Van Insurance Groups have a major impact on the cost of your insurance policy. Be it a second-hand van or a brand-new model, you will undoubtedly have a specific vehicle in mind. From the model, make and year of manufacture there are many elements that can sway your choice. Considering the sizable impact van groups have on the price of insurance, this too should be at the forefront of your mind when purchasing a van. As a result we have put together a back-to-basics guide that will clarify some of the more indecipherable aspects of insurance and help you make an informed decision when purchasing your next van.
Most motorists know that the kind of vehicle they own will heavily impact on the price of their premiums. But they may not understand how the insurer calculates each premium. As in the case of cars, van groups are set by a governing panel, including members such as the Association of British Insurers (ABI) and Lloyds Market Association (LMA), who meet regularly.
These members draw on a number of factors and data provided by Thatcham, a motor insurance research center, to help them determine which van goes into which group. As a result, there is now a list of 20 groups into which vans can be placed, the lowest group being the cheapest to insure and the highest group the most expensive. There are 6 main factors these reviews are based on and help determine the cost of your premium:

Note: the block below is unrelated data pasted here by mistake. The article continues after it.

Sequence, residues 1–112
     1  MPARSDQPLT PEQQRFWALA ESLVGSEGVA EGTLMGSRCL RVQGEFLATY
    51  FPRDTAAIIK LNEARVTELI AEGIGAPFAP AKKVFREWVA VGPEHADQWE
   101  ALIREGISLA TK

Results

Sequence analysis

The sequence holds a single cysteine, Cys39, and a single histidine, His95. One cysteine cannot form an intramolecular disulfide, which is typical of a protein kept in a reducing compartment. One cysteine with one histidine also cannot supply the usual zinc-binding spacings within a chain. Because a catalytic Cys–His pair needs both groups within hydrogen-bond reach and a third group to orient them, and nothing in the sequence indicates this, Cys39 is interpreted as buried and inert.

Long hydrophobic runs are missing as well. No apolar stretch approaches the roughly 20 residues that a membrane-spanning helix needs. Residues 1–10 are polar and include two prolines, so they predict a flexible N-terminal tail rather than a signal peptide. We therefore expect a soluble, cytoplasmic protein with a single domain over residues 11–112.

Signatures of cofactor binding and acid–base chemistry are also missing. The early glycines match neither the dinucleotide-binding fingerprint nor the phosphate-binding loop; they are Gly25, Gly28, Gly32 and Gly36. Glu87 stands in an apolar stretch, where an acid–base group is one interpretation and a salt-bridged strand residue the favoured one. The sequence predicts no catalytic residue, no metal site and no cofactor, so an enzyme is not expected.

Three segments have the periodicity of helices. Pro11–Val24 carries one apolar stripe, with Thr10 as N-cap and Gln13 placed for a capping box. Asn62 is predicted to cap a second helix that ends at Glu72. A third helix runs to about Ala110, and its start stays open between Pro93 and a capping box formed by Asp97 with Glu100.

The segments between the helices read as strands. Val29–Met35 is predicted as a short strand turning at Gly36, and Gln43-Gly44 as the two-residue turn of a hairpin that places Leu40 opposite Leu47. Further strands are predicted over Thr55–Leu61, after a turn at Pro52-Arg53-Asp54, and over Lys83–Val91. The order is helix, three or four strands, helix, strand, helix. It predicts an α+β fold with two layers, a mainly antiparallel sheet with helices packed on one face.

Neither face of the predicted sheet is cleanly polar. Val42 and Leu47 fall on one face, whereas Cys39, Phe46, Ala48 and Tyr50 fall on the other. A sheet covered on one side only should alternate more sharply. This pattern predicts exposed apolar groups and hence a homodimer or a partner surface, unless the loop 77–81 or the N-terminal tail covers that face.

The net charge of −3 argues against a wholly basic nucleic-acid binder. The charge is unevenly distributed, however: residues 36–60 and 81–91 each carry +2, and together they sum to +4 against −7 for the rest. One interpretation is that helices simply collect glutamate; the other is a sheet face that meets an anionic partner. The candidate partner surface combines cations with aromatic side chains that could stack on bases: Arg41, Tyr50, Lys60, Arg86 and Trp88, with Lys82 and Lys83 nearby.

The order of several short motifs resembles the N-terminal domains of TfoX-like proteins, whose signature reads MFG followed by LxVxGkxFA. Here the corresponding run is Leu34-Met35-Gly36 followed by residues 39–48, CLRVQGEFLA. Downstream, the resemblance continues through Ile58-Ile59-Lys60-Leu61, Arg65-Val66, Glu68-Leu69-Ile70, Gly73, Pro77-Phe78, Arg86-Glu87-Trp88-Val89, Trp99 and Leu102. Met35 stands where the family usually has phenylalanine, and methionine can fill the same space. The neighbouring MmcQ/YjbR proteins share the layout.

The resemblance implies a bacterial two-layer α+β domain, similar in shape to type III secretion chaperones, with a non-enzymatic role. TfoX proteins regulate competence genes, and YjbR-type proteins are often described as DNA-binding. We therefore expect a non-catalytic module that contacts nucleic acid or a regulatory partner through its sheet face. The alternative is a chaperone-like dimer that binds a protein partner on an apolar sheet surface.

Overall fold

Parts cost - The lower the cost of parts the more likely the van will be entered in a lower cost group.
Overall cost to repair the vehicle - This also determines which group the van goes into, and is directly linked to the parts cost.
Performance - Statistical evidence shows the faster the vehicle the higher the likelihood of a claim.
Engine size - Following on from performance, the larger the engine the more powerful the vehicle, increasing the likelihood of an accident.
Weight - The heavier the vehicle the more difficult it is to drive and the more expensive to fix, resulting in higher premiums.
Security - If the van is seen as being difficult to break into and is fitted with security features as standard, the premium will be lower.
Insurance groupings are not the only thing used to calculate premiums – insurers also look at the drivers using the vehicle (age and driving record), use of vehicle (work/pleasure and courier/builder), postcode of vehicle (where secured at night) and any modifications.
In summary, the higher the group the higher the premium. So a Citroen Nemo 610 Van with a small engine might be in group 3, a medium wheel based Ford Transit could be in group 11 and a Mercedes Sprinter 313 HR in group 16.
Find further information here on Van Insurance or speak to one of our RAC advisers on 0330 332 8308 to get a quote.